Earlier this year Ofsted claimed “the reforms we will introduce in September 2015 are intended to enable us to inspect the right things in the right way”. That was a rash claim – based on two highly contestable assumptions.
First, that there is one right way to inspect and, second, that after almost yearly revisions to both the inspection framework and guidance, the new version, finally published today, has at long last got it right.
It hasn’t; it can’t. Inspection reform, like school reform, is always “work in progress” (or as some cynics might say “work in regress”). Be clear there will inevitably be a re-revised framework and guidance in x months/years’ time.
Michael Wilshaw’s comments today about the post-September inspection regime need to be seen in that context.
He announced some welcome changes. Ofsted has decided to introduce a new “common inspection framework” – but remember this is only “common” in the same weak sense as the national curriculum is “national” – the framework will not apply to large, privileged section of independent education.
However, the use of that framework is a useful step if it means inspectors can make graded and, hopefully, comparable judgments on the same areas for all but privileged independent schools.
Ofsted is introducing frequent but shorter inspections – with schools judged good to be inspected approximately every three years. This seems sensible, proportionate and economical.
Hopefully, though, such visits will not be confined to dialogue with senior leaders and interrogation of data, as Wilshaw implies but will also involve visits to classes “to get a feel” of the school, including the quality of its teaching.
It is very unfortunate that Ofsted has decided not to inspect routinely so-called “outstanding” schools, some of which have not been inspected for some years. All schools, however good, stand to benefit from dialogue with skilled inspectors who can disseminate information and insights into interesting practice.
Inspectors, too, need to routinely visit outstanding schools so they have the full range of experience on the basis of which they can calibrate their judgments of all the schools they inspect.
Ofsted’s failure to do this cannot be excused by a cop-out sentence such as “any change of approach would require legislative change”. Where there is a will, there is a way. There clearly isn’t a will.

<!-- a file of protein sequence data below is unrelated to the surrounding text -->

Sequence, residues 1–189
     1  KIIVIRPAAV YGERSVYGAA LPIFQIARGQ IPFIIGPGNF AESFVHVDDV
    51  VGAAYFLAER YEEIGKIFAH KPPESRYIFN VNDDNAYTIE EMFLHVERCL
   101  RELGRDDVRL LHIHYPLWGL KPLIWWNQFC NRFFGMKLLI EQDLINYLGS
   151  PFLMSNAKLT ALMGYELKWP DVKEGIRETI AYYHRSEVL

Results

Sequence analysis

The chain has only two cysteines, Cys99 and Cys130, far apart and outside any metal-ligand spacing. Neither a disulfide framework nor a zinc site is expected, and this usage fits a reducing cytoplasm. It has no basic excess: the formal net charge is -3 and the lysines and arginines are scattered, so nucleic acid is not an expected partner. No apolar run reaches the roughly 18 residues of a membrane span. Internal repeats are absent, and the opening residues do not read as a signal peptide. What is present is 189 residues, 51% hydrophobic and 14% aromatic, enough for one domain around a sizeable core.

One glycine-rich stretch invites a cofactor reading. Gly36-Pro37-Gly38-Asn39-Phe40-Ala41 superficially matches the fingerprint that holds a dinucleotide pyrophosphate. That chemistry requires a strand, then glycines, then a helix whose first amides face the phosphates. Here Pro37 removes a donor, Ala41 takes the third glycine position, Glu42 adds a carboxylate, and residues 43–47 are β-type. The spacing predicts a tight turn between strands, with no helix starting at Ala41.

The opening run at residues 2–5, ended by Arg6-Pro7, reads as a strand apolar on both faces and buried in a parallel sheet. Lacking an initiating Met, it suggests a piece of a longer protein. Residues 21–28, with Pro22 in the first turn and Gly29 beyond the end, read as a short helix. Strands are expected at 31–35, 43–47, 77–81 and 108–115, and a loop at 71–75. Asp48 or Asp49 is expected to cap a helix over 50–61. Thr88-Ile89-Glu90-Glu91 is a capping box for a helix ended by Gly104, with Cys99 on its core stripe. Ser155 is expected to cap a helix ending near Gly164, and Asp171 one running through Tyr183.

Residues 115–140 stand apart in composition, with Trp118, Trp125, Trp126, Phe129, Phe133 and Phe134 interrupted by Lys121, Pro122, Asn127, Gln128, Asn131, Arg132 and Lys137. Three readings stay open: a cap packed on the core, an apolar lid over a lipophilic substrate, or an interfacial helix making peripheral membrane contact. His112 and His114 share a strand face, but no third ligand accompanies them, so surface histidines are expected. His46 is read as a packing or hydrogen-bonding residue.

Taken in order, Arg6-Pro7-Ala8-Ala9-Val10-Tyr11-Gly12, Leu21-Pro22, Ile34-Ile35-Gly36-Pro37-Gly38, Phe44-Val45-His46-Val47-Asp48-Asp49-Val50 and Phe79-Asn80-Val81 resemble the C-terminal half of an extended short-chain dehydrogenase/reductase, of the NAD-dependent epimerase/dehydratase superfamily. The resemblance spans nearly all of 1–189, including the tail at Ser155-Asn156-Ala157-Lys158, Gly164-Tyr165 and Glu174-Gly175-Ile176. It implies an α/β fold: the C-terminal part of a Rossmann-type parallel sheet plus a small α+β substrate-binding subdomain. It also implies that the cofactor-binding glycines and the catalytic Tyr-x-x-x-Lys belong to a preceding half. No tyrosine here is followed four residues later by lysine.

Even more than Wilshaw’s comments, Ofsted’s revised inspection framework and guidance will, and, should, be scrutinised closely since the fate of so many schools and their leaders may depend on its interpretation.
Therein will lie the rub. The language is likely to be formulaic and inevitably to be shot through with ambiguities, imprecision and the near certainty of being differently interpreted (to some degree at least) by different inspectors, school leaders and teachers.
Properly understood the framework and guidance should be seen, not as recipes which can, or should be be slavishly followed, but as principles to be flexibly applied and negotiated between the inspectors and the inspected in the light of a school’s particular context.
Hopefully that will happen but there is no guarantee, even with Ofsted’s new cohort of in-house inspectors “trained” (an inappropriate term) and “quality assured” by HMI in their interpretation.
Properly conceived inspection is a judgment-saturated art, not a measurement-oriented science. So don’t expect absolute clarity or absolute consistency in interpretation and application.
They are unattainable. But do expect reasonable clarity, reasonable consistency and reasonable understanding of the unique circumstances of any particular school. There will, of course, be inevitable disputes as to what constitutes “reasonable”.
In this respect, Ofsted’s decision to open up its complaints procedure to greater (note the comparative term) is also welcome. The proposed scrutiny committees should help matters, though the fact they are to involve both HMI and “leading” headteachers and leaders, themselves identified as “leading” by Ofsted itself, suggests they are not likely to be as independent of Ofsted as Wilshaw’s rhetoric suggests.
When I came to re-read the first sentence of this piece before submitting it to Schools Week, I found that my computer had presciently replaced “inspect” by “respect”. I may have doubts about Ofsted’s right way or whether the new regime will inspect, let alone respect, all the right things but I have no doubt that respect is a fundamental pre-requisite of any worthwhile inspection system.
Let’s hope that through their sensitive interpretation of this framework and guidance the new in-house inspectors deserve respect, as well as showing it to those they inspect.